http://www.ncbi.nlm.nih.gov/pmc/articles/PMC2465242/

http://www.atipt.com/news-media/blog/acl-tears-and-knee-pain-more-common-women-activity

Cold vs. Hot: Which Wins and When?

We’ve all heard the advice: “put ice on it” or “give it some heat,” but you might not be sure when to apply cold or heat. Both hot and cold therapies have advantages for pain relief depending on the type of injury.

For the best one to try, follow these suggestions:

Use cold for acute pain and new injuries that are swollen and inflamed. This includes recent tissue damage and sprains. Ice should be applied after exercise to the area of injury using a towel to protect the skin.

If you have a chronic injury, apply ice and compression after a workout. Use cold gel packs, such as Chattanooga, and wraps like Durasoft to help constrict blood flow and reduce pain.

Need both cold and compression at the same time? Try Aircast CryoCuff cold therapy.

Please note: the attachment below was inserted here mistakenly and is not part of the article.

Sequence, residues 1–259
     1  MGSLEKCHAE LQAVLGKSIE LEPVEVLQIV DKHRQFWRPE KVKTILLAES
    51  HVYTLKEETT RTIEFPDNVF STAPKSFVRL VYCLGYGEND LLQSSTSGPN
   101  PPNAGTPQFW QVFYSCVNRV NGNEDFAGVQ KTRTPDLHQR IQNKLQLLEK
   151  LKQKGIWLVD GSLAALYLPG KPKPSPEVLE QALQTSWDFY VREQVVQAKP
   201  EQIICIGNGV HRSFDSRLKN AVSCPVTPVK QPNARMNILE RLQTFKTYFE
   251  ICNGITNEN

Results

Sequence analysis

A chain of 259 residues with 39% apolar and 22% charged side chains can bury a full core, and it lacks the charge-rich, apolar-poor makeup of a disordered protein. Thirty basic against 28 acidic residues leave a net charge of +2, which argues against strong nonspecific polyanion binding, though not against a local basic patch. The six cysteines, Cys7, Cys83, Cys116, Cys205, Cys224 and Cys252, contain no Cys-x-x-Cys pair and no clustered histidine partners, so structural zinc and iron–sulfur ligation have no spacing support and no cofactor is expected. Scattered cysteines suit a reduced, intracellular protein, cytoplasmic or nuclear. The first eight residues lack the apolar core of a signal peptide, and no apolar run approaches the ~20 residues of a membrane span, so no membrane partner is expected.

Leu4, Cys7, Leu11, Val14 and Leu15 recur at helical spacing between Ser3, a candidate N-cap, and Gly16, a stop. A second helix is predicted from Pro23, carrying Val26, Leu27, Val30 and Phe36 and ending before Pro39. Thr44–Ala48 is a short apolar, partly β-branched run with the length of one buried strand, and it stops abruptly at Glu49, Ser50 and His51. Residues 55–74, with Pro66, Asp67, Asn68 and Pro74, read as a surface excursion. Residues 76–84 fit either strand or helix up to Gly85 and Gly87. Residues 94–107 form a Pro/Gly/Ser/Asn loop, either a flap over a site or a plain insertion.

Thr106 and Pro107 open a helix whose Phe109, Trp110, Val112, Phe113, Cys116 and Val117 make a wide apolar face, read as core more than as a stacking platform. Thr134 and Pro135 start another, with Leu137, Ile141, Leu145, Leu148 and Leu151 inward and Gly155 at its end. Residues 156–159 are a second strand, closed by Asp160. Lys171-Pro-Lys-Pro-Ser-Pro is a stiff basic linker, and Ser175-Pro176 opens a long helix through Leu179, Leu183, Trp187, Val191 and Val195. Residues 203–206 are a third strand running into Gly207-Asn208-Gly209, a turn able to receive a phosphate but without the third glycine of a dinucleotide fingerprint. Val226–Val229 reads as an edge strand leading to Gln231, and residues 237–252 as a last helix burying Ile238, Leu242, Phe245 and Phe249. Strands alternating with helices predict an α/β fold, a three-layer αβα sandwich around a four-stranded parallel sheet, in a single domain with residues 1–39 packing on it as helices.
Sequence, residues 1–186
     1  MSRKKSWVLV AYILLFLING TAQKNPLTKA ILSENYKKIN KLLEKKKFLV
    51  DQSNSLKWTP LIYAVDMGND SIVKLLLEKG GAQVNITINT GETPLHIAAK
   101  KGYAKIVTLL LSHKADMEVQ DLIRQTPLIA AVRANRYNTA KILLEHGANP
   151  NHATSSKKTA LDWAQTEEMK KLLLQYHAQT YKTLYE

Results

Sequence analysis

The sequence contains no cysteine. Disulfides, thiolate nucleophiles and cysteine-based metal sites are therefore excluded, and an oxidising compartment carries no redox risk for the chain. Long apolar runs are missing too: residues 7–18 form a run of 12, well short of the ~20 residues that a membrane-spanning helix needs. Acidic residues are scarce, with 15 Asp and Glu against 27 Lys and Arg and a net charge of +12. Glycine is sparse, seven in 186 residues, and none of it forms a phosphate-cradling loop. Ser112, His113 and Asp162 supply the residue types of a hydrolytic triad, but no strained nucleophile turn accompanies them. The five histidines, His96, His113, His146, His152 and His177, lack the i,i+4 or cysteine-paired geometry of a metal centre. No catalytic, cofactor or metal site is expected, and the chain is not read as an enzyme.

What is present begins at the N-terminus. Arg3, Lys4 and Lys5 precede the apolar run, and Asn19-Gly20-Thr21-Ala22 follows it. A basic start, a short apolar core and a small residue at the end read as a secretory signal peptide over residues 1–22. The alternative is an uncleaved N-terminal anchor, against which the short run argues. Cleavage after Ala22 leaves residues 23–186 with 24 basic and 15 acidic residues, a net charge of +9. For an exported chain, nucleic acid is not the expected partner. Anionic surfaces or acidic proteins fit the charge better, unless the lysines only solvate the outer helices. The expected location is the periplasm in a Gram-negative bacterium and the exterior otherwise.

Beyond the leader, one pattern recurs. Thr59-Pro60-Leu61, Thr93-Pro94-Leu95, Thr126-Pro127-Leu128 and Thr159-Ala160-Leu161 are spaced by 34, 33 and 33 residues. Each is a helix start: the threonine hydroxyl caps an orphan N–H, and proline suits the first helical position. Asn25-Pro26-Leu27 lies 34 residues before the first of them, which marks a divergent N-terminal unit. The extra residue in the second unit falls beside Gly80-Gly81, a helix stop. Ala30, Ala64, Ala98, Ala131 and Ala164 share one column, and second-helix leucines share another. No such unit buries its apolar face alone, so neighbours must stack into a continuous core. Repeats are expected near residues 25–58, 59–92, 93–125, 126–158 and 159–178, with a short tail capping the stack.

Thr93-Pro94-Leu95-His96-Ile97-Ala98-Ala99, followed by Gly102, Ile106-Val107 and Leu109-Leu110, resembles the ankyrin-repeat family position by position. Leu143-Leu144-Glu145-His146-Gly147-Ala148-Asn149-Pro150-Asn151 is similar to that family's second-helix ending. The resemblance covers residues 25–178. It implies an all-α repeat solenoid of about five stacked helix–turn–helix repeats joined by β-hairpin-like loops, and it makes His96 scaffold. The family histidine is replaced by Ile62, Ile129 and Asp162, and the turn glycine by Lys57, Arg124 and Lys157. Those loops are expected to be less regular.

Heat is for chronic pain, muscle spasms, joint pain or an injury more than 24 to 48 hours old. Heat stimulates blood flow and soothes overworked muscles. Heat should only be used before exercising. To apply heat, use a heating pad, a hot wet towel or warm shower. Chattanooga has a range of quality heat products to ease chronic pain.

Treat It Right:

  • Apply ice or heat for no longer than 10-20 minutes at a time.
  • A combination of heat and cold can be used after an injury to keep swelling down and increase circulation.
  • For muscle tears or strains, start with ice and move on to heat when the inflammation has reduced.
  • Listen to your body. Heat or cold should not worsen the pain or injury.

Talk to your doctor if you have further questions about hot or cold therapy.

Sources:
http://www.prevention.com/fitness/fitness-tips/ice-or-heat-injury
http://www.healthline.com/health/chronic-pain/treating-pain-with-heat-and-cold#2
http://www.urmc.rochester.edu/encyclopedia/content.aspx?ContentTypeID=1&ContentID=4483
http://orthopedics.about.com/cs/sportsmedicine/a/iceorheat.htm

How Common is Knee Pain?

Knee pain is one of the most common ailments amongst athletes and non-athletes alike.  People of all ages are also affected by knee pain.  The reason for the prevalence of knee pain is because the knee supports most of the body’s weight and is involved with both daily activities and movement during sports.

Knee pain is typically caused by:

  • knee injuries
  • overuse
  • age
  • natural wear and tear